The lender of last resort and modern central banking: principles and reconstruction
Central banks are celebrated and castigated in broadly equal measure for the actions they have taken (or not taken) to stabilise the financial system and wider economy since crisis broke in 2007. For every paean of praise for their innovations in injecting liquidity, keeping markets open and supporting macroeconomic recovery, there is a chorus of reproof censuring central banks for breaching a crucial boundary between central banking and fiscal policy.
BIS No. 79
By Paul Tucker, Harvard Kennedy School and Harvard Business School
Central banks are celebrated and castigated in broadly equal measure for the actions they have taken (or not taken) to stabilise the financial system and wider economy since crisis broke in 2007. For every paean of praise for their innovations in injecting liquidity, keeping markets open and supporting macroeconomic recovery, there is a chorus of reproof censuring central banks for breaching a crucial boundary between central banking and fiscal policy. Those criticisms are essentially about political economy, and as such amount to an important challenge to the legitimacy of today’s central banks. 1
The terrain – and the object of the criticisms – covers three separable but linked areas: monetary policy, lender of last resort, and what has become known as “credit policy”. My focus here is lender of last resort (LOLR), where especially in the United States the atmosphere is probably most toxic, poisoning debates about central banking more generally. Once central banks are perceived as having overstepped the mark in bailing out bust institutions, critics look for overreach in their more overtly macroeconomic interventions too. That, more or less, is what has happened in the United States. 2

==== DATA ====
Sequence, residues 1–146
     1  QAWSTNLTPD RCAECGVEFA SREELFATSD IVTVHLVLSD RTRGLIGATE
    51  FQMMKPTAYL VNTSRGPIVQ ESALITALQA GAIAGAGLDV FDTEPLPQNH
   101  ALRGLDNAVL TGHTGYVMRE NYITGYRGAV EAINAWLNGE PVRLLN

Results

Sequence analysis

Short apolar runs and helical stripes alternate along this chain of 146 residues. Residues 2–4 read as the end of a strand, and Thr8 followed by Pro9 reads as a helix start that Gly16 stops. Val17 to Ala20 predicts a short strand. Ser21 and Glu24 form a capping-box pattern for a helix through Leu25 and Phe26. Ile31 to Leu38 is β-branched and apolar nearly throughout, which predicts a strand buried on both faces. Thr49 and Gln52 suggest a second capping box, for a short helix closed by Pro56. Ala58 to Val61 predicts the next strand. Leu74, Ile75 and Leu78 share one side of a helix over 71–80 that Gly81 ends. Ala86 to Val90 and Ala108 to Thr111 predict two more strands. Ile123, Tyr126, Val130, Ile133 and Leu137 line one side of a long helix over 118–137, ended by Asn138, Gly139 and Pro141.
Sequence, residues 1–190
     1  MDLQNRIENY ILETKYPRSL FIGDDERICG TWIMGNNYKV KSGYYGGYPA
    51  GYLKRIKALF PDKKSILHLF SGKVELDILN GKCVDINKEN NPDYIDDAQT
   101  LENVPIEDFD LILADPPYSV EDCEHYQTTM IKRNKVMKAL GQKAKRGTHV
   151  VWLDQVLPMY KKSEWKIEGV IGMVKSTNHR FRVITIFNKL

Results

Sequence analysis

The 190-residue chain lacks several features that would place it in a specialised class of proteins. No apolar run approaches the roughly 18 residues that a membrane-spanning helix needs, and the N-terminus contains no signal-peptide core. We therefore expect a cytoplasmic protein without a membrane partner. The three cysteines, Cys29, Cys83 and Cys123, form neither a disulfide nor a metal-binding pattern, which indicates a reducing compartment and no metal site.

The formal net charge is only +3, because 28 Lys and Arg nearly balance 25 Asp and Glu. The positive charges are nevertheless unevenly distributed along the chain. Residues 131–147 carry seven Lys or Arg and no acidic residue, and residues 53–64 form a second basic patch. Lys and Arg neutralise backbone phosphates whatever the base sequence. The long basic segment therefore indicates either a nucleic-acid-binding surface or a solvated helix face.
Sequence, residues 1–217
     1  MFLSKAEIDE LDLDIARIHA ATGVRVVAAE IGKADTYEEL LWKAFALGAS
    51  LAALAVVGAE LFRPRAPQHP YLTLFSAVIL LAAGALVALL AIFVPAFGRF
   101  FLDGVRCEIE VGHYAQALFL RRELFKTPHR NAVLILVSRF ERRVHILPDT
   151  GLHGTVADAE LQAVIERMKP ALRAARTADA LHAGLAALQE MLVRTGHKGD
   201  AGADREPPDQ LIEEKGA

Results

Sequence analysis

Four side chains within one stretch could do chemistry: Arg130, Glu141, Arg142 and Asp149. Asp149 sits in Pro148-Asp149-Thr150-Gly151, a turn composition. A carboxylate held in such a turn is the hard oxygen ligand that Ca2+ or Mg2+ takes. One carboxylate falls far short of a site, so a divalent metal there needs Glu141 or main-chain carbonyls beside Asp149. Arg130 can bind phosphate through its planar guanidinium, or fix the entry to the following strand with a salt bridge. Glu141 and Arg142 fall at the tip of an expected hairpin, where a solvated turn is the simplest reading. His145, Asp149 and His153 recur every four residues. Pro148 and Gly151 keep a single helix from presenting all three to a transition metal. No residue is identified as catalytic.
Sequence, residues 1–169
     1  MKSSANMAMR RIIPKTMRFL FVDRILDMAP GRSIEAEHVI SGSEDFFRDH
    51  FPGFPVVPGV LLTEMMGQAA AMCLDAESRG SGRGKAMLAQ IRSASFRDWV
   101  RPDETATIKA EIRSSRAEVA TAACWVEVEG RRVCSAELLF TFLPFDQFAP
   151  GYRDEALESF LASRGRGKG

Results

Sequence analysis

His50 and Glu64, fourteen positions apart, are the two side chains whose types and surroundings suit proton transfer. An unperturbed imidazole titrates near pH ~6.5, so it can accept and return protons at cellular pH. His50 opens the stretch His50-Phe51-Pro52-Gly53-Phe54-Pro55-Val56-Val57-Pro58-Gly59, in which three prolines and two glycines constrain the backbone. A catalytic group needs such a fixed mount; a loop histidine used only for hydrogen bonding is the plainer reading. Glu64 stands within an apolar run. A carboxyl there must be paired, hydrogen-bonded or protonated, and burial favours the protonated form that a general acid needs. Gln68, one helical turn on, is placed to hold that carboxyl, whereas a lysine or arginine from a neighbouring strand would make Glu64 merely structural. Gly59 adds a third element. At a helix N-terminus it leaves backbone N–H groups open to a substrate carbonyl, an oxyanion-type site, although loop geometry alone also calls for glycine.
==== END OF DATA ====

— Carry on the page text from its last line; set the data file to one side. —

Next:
The relative neglect of LOLR in the core literature on central banking over the past twenty years is a tragedy – one that contributed to central banks losing their way and finding themselves struggling for breath when faced with a liquidity crisis in 2007. That mainstream macroeconomics devoted so much effort to conceptualising the case for central bank independence and to articulating ever more sophisticated models of how monetary policy works while leaving out of those models the fragile banking system that called central banking into existence as a liquidity insurer in the first place warrants careful explanation – most probably by political scientists, sociologists and historians of ideas.
Of course, there wasn’t complete silence on LOLR. The technical academic literature advanced, 3 but was largely separate from policy debates, no doubt because LOLR was widely regarded as a relic of the past. With a few exceptions, prior to the crisis policy-oriented commentary was dominated, especially in the United States, by arguments for limiting or abolishing liquidity insurance and, indeed, central banking itself. 4 As such, rightly or wrongly, those who remained engaged with LOLR, including within the Federal Reserve system, are often perceived to be politically partisan and, as such, pursuing a sectional interest. Nevertheless, that does not make a case for casting them and their arguments aside. Both they and events themselves have raised serious questions and challenges.
- 2. My thanks for comments to Darrell Duffie, Dietrich Domanski and Geoffrey Wood; and to Steve Cecchetti for conversations on issues addressed here.
- 3. See for example the film, “Money for nothing”.
- 4. Via the work of, for example, of Rochet and Tirole (1996); Holmström and Tirole (1998); Freixas, Giannini, Hoggarth and Soussa (2000); Freixas, Rochet and Parigi (2000, 2004); and Rochet and Vives (2004).
- 5. An exception is Laidler (2004), for example in “Central banks as lenders of last resort: trendy or passé?”.